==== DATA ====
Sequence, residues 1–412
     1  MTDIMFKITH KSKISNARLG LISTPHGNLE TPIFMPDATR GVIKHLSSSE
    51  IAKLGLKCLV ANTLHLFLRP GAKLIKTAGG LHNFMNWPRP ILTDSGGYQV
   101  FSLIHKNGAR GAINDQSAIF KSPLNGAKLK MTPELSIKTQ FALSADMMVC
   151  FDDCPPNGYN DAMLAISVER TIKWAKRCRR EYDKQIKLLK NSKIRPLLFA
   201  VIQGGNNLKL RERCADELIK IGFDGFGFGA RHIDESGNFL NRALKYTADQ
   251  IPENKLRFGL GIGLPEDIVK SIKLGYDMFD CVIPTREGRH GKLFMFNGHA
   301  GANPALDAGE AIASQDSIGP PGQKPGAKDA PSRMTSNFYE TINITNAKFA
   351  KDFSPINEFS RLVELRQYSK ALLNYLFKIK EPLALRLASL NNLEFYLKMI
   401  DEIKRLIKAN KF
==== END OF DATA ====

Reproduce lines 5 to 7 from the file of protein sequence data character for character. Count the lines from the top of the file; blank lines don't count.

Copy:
   151  FDDCPPNGYN DAMLAISVER TIKWAKRCRR EYDKQIKLLK NSKIRPLLFA
   201  VIQGGNNLKL RERCADELIK IGFDGFGFGA RHIDESGNFL NRALKYTADQ
   251  IPENKLRFGL GIGLPEDIVK SIKLGYDMFD CVIPTREGRH GKLFMFNGHA